Probably this blow out of the serving happened during the power stroke because the velocity was down to 270.9  fps.  I am fairly certain this number from the chronograph was accurate because I had made a point of shooting my Kodiak air rifle through the screens several times before making the ballista shot.  The readings for the air rifle were a consistent 648 to 654 fps.  This is perfectly normal for this particular .25 cal air gun and gave me confidence the chronograph was working accurately.  The 270.0 fps on Firefly was disappointing of course, but at the moment I am considering it the result of the blown out serving.  One correction from yesterday  is for certain,  the draw weight for that supposed 401 fps shot was actually 5000 lbs,  not 4500 lbs as reported.  Apparently the zeroing dial on the dynanometer had been inadvertently rotated because it was reading 500 lbs when it should have been set at zero.

The target seen in the following video is in shadow,  and it is hard to make out all the action.  What we are seeing is today’s 270.9 fps shot, with its slow poke 7000 grain bolt and 1140 foot lbs, take on the 1/4″ mild steel plate that is installed on the rear of my sand trap.  Range is 53 yards.    20100308134735(1)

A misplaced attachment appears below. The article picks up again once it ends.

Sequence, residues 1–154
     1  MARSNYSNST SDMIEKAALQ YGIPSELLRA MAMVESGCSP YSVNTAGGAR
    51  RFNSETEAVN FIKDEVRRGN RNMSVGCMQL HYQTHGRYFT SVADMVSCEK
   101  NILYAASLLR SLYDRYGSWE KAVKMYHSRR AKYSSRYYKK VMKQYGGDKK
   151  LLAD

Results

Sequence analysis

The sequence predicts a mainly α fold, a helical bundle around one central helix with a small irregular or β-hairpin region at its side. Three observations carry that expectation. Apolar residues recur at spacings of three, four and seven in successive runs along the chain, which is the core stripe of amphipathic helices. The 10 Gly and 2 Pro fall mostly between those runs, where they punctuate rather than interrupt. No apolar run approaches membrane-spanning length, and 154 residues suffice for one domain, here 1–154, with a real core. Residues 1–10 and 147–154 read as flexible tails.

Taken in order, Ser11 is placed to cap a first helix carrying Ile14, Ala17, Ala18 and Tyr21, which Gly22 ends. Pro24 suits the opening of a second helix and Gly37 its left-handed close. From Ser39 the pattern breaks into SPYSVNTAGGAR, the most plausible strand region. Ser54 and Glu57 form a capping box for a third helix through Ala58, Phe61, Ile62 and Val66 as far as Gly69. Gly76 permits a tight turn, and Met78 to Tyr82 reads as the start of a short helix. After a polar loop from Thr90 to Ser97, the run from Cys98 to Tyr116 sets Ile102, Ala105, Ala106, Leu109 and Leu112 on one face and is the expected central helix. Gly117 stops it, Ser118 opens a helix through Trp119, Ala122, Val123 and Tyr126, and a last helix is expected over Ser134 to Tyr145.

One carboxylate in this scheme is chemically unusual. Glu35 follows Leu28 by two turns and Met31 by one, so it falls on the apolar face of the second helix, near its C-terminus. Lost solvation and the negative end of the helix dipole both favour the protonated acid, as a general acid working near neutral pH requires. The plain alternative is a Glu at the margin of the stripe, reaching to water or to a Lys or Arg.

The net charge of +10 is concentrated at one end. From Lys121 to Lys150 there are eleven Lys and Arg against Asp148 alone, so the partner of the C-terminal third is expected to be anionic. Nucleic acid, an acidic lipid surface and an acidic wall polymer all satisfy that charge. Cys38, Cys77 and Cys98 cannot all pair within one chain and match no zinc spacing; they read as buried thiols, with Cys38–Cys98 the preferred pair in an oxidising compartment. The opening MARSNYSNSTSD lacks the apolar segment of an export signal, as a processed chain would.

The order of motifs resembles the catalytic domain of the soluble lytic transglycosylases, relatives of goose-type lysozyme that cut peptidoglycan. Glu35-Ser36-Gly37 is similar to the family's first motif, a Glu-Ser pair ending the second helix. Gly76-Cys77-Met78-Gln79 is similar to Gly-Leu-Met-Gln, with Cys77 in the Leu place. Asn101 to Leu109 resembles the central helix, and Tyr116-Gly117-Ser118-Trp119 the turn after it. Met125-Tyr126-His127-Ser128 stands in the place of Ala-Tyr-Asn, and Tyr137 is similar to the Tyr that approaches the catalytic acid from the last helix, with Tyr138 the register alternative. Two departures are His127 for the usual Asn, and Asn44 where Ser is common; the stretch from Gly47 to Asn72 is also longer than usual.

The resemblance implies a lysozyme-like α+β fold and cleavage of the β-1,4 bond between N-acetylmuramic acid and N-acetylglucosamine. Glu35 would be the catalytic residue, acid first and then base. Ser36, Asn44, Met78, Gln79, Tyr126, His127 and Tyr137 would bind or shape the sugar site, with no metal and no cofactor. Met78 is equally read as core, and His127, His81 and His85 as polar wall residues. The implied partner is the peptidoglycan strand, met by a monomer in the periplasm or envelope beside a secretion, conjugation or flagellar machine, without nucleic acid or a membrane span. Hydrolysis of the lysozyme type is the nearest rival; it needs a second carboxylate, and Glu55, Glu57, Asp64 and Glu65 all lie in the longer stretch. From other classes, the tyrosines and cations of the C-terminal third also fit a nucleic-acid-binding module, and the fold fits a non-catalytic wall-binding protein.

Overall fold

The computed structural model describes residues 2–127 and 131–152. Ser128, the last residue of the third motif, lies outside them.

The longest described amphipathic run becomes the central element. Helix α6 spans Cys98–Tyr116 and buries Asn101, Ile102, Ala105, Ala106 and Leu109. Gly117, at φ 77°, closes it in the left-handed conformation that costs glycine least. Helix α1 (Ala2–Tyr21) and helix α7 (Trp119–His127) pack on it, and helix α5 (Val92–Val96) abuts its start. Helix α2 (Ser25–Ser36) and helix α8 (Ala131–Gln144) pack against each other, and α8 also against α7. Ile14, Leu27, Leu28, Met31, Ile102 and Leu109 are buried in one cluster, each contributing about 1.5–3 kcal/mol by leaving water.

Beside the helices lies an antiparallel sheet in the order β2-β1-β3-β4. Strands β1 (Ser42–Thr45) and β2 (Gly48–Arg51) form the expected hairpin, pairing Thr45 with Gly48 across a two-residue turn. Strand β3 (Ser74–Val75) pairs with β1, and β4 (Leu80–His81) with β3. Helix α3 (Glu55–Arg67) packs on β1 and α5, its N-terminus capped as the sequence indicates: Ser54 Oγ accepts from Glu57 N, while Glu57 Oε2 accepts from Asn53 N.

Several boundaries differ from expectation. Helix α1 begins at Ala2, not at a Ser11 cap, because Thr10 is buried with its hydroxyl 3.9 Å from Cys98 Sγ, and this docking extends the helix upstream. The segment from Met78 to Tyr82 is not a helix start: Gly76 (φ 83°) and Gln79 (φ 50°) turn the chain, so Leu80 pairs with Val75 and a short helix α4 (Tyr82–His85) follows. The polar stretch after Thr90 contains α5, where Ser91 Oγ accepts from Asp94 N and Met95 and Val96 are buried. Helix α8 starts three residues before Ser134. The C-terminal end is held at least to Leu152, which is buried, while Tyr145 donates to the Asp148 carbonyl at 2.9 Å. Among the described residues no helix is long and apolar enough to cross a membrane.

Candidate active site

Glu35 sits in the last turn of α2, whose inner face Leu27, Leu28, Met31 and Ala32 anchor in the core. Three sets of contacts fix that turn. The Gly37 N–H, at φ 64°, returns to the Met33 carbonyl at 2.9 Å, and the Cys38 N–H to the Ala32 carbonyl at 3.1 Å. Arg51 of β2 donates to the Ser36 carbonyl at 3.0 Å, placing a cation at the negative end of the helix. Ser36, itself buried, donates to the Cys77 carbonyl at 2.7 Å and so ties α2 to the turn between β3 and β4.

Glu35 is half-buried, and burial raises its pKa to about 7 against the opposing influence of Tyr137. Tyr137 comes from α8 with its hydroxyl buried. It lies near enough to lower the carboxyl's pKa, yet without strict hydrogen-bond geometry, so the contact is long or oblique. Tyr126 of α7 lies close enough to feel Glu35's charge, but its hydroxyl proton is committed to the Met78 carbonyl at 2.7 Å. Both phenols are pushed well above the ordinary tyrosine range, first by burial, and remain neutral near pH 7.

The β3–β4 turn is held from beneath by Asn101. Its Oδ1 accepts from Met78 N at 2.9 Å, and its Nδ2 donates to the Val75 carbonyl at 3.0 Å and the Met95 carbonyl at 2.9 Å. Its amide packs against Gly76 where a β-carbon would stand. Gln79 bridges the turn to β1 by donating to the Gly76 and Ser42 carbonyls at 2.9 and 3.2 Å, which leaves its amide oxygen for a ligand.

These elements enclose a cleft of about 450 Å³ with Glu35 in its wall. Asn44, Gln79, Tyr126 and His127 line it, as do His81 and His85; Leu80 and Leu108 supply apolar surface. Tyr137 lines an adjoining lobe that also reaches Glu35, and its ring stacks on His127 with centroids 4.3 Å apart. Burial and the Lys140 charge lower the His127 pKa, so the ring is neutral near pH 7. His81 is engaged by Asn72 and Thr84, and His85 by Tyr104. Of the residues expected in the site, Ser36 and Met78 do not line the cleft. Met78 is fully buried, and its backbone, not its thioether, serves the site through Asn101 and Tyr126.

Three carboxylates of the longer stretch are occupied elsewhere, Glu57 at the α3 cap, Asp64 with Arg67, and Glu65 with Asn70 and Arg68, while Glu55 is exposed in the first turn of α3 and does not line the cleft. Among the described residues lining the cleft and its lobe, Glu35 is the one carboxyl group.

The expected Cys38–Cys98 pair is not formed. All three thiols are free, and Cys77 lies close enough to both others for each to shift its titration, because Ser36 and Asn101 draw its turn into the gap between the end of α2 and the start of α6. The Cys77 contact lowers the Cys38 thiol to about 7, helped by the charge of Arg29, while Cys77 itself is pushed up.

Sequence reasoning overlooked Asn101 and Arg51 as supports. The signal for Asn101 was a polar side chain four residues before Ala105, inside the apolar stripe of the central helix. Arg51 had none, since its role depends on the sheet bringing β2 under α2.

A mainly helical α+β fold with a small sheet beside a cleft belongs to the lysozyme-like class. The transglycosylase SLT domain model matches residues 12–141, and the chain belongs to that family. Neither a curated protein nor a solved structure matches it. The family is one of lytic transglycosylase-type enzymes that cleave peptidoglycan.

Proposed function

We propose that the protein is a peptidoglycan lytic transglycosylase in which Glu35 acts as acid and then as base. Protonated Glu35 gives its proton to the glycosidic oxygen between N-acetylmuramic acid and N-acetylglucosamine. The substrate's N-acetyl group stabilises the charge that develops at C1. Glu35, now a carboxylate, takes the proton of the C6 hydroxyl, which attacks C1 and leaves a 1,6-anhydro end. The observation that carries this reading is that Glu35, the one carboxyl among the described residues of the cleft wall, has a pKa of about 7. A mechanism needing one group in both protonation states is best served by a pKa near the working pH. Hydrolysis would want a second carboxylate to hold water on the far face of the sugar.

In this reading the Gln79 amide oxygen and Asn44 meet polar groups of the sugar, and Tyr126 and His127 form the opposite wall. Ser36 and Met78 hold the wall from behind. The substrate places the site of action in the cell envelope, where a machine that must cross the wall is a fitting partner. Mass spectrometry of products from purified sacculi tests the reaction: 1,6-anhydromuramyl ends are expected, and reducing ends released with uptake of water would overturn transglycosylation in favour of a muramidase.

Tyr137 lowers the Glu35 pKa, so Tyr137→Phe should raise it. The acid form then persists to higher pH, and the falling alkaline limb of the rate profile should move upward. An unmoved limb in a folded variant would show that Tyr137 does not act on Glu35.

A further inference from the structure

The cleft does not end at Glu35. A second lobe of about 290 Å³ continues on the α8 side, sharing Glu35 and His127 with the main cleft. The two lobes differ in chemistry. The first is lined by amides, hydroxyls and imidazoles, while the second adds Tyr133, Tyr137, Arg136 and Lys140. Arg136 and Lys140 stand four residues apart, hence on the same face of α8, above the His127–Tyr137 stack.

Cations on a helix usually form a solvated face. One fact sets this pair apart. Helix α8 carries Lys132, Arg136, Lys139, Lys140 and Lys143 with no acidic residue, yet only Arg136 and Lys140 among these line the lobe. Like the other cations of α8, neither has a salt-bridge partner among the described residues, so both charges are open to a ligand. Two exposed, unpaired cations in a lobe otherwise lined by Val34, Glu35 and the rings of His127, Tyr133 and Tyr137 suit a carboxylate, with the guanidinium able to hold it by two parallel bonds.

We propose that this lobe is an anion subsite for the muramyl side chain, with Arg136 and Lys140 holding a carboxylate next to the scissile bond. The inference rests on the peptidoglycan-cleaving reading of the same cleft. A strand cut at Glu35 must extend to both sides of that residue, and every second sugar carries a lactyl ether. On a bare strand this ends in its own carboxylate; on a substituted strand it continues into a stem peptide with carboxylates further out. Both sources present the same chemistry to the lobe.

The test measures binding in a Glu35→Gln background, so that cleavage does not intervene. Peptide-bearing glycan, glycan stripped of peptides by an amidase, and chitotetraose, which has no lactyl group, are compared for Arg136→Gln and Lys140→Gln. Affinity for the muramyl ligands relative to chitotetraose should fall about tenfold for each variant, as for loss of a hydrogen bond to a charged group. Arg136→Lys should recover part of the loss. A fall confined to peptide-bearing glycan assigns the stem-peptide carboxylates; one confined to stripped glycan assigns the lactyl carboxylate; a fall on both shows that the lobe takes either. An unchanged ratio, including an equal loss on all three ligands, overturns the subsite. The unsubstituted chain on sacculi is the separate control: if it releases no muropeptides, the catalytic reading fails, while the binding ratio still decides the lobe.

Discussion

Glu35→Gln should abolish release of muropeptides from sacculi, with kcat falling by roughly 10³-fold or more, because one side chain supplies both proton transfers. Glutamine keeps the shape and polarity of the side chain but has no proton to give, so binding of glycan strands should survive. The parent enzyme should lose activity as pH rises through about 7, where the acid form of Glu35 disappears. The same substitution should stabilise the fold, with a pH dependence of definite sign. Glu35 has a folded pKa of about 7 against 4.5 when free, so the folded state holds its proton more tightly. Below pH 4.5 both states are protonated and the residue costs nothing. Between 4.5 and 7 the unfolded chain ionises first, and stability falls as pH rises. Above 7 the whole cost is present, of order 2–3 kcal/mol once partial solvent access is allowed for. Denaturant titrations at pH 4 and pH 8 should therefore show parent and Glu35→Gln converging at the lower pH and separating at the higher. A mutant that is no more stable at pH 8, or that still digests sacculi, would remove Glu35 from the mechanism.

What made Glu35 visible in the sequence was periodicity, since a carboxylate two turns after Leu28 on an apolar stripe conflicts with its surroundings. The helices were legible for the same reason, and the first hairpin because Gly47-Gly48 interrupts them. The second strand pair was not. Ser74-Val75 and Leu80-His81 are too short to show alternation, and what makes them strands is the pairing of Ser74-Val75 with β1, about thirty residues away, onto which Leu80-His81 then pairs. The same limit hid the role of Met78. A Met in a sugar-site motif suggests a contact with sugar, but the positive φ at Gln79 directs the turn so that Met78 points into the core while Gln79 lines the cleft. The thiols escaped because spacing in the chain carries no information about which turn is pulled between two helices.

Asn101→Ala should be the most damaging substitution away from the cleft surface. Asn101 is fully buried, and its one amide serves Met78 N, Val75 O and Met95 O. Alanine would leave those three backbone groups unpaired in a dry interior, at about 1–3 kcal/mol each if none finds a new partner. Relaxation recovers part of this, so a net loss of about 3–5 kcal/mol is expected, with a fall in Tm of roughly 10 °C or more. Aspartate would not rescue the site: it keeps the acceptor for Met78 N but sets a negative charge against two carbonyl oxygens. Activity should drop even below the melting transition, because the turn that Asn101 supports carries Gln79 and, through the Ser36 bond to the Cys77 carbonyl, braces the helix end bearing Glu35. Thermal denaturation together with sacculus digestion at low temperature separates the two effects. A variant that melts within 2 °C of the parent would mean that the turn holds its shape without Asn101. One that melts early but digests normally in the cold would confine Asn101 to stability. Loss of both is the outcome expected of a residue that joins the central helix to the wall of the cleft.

If you play this video on slow it seems as if the bolt is moving through the air at an angle with the tip down.  I am not sure what might be causing this.  Is it because the 2870 grain tip is too heavy for this length bolt and the whole projectile trundles along nose down?  Perhaps it is because the bowstring gives the tail of the bolt an upward flick at the end of the power stroke.   Maybe it is some perturbation coming from the damaged serving.  At the moment I have no explanation.

This quadrobate tip is made from hardened 4140 (about 40 RC), and penetrated the 1/4″ steel plate to a depth of 2 1/2″.  The tip also went through the piece of 3/4″ plywood behind the plate and stuck out the other side  1  1/4″  into the sand.  The photo below shows how the bolt tipped upwards at the moment of impact.  Not surprising because any slight downward  angle of the bolt would probably be magnified into a full blown spinning upset as the rear of bolt was forced upwards by the impact.

The one way trip experienced by this bolt must have been excruciating.  Note how the explosive deceleration caused the fins to slip their grooves and migrate forward.  I hope to be able to try another shot tomorrow morning when the light is coming in from the East.  (Assuming of course we can get the Canadians to cooperate.)  With a new serving on the bowstring,  we should be able to answer whether that 401 fps shot was for real, or just a figment of my chronograph’s imagination.  I suspect the later.